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Host preference of Perkinsus species: epizootiological, environmental, and molecular aspects

dc.contributor.advisorVasta, Gerardo R.en_US
dc.contributor.authorPecher, Wolf Thomasen_US
dc.date.accessioned2007-09-28T14:58:23Z
dc.date.available2007-09-28T14:58:23Z
dc.date.issued2007-07-10en_US
dc.identifier.urihttp://hdl.handle.net/1903/7226
dc.description.abstractPerkinsus species are protistan parasites of mollusks. In Chesapeake Bay, P. marinus, P. chesapeaki, P. andrewsi, and a Perkinsus isolate from the hard clam Mercenaria mercenaria [Perkinsus sp. (M. mercenaria)] are sympatric. In vitro experiments by others suggest a preference of P. marinus for the eastern oyster Crassostrea virginica. Studies conducted in this dissertation on the distribution of Perkinsus species in C. virginica and M. mercenaria from Virginia to Maine using PCR-based detection assays provided further evidence for a host preference of P. marinus. While P. marinus was the most prevalent species in C. virginica, its prevalence was significantly lower in M. mercenaria. Interestingly, the assay designed to be specific for Perkinsus sp. (M. mercenaria) also amplified P. andrewsi. Characterization of the rRNA gene loci of both Perkinsus species revealed the presence of a second rRNA gene unit in P. andrewsi with high percent sequence identity to the unit of Perkinsus sp. (M. mercenaria), explaining the cross-amplification. Furthermore, DNA samples of M. mercenaria inhibited PCR amplification, which was overcome by adding bovine serum albumin and dimethyl sulfoxide to the PCR reaction mixture. P. marinus resides in oyster hemocytes scavenging and/or inhibiting the production of reactive oxygen species (ROS) usually generated by oyster hemocytes. ROS scavenging enzymes include superoxide dismutases (SODs) and peroxidases such as catalases. SODs have been characterized in P. marinus, but peroxidases have not been detected. Results from the present study suggest that, while lacking catalase, P. marinus has ascorbate dependent peroxidases usually found in plants. Alternatively, P. marinus may suppress the production of ROSs by enzymes such as phosphatases. A secreted acid phosphatase activity reported earlier in P. marinus was further characterized in the present study, and its purification attempted. Furthermore, a search of a genome database yielded several phosphatase-like genes, including a putative protein phosphatase 2C predicted to be secreted. Further analysis could neither confirm its secretion nor its involvement in host preference. However, the approaches implemented throughout this research represent a strategy for processing additional phosphatase and other gene sequences identified in genome databases that will further the understanding of the biology of Perkinsus species.en_US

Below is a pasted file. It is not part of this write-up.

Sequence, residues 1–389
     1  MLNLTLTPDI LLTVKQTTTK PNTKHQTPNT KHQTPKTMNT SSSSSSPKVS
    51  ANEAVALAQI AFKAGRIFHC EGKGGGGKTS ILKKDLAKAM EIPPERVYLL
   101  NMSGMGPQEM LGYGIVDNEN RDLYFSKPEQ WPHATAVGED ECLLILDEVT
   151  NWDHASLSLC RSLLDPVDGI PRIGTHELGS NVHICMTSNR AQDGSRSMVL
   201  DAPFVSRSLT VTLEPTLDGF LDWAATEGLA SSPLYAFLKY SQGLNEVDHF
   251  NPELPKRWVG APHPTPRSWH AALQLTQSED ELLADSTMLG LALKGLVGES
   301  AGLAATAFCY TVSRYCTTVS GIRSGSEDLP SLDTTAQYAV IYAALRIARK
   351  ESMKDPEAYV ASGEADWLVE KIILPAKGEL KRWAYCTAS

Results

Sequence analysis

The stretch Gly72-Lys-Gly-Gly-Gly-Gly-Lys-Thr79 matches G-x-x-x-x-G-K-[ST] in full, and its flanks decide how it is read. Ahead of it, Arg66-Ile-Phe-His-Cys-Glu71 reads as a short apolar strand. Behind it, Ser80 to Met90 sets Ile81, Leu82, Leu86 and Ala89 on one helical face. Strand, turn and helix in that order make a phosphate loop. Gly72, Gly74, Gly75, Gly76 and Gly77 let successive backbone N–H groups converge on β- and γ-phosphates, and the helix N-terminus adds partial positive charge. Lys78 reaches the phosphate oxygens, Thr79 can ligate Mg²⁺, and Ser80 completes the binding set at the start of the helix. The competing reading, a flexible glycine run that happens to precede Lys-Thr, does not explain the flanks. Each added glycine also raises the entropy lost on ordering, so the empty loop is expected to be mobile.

dc.format.extent5130171 bytes
dc.format.mimetypeapplication/pdf
dc.language.isoen_US
dc.titleHost preference of Perkinsus species: epizootiological, environmental, and molecular aspectsen_US
dc.typeDissertationen_US
dc.contributor.publisherDigital Repository at the University of Marylanden_US
dc.contributor.publisherUniversity of Maryland (College Park, Md.)en_US
dc.contributor.departmentMarine-Estuarine-Environmental Sciencesen_US
dc.subject.pqcontrolledBiology, Parasitologyen_US
dc.subject.pqcontrolledBiology, Molecularen_US
dc.subject.pqcontrolledChemistry, Biochemistryen_US
dc.subject.pquncontrolledPerkinsusen_US
dc.subject.pquncontrolledCrassostrea virginicaen_US
dc.subject.pquncontrolledMercenaria mercenariaen_US
dc.subject.pquncontrolleddistribution and host preferenceen_US
dc.subject.pquncontrolledintracellular survivalen_US
dc.subject.pquncontrolledperoxidases and phosphatasesen_US


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